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In his second novel (after The Singular Exploits of Wonder Mom and Party Girl, 2011), Schuster homes in on the travails of an unhappy grad student. Charley Schwartz can’t seem to finish his dissertation and has taken a ludicrous job at a bank that requires him to dress up as a dollar sign. When he learns that his friend Billy Chin has committed suicide, he determines that a memorial fund should be set up at their prep school in Billy’s honor. What he has trouble admitting to himself is that he is feeling incredibly guilty, aware that he had not been a good friend to Billy, and is now anxious to make amends. But the preparations only seem to fuel his bitterness, as he watches in despair while an old nemesis turns the tribute into a fund-raiser. Yet with the support of his loving wife and long-suffering best friend, Charley somehow manages to do the right thing without launching into one of his signature rants. What starts out as a broadly humorous satire of dysfunction evolves into a surprisingly tender look at loss and grief. --Joanne Wilkinson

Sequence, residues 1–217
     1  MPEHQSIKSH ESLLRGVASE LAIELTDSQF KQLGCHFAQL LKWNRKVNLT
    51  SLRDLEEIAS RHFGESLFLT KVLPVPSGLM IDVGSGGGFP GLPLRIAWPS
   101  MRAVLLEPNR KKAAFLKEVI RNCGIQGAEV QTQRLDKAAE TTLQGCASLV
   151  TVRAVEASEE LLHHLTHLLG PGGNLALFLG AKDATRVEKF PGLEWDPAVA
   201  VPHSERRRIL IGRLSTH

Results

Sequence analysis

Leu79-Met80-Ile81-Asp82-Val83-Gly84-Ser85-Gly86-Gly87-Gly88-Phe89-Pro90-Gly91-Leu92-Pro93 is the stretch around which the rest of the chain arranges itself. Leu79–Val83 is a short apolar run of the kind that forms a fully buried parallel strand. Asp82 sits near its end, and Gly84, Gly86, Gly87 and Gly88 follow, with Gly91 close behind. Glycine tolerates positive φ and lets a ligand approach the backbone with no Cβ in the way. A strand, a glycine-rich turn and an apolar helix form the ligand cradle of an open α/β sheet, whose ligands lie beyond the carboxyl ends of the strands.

Schuster s off-kilter portrait of a guy unsatisfied like the old Replacements song adds pivotal bite to the pre-programmed humor of his ensemble. --Kirkus
What starts out as a broadly humorous satire of dysfunction evolves into a surprisingly tender look at loss and grief. --Joanne Wilkinson, Booklist
Like the movie Four Weddings and a Funeral, Marc Schuster s The Grievers blends the post-juvenile humor of adults refusing to grow up with aching pathos and biting touches of genius. Comedy travels hand in hand with tragedy in this novel, neither any further away than the next page, but both singing in tune. --Cafe Libri
I loved this book. It was entertaining, kept me engaged, and made me ponder deeply. A story that takes you by surprise delivering much more than you expected, with humor, insight,... Read morePublished on April 18, 2013 by Maria Diaz
I thoroughly enjoyed 'The Grievers' - it's funny, poignant, and flows beautifully. Charley, our protagonist, is someone I think many people will identify with: so much potential,... Read morePublished on December 9, 2012 by Kasia James
Would I have walked right past this book in a shop giving it nary a second thought, assuming it to be another (oh dear lord, yet another) Twilight book? Yes. Read morePublished on June 18, 2012 by Jenny Whiteman
Charley Schwartz, the man inside the dollar bill costume, has nothing going for him at all when he receives the sad news that an old school friend has committed suicide. Read morePublished on May 21, 2012 by Shannon Pease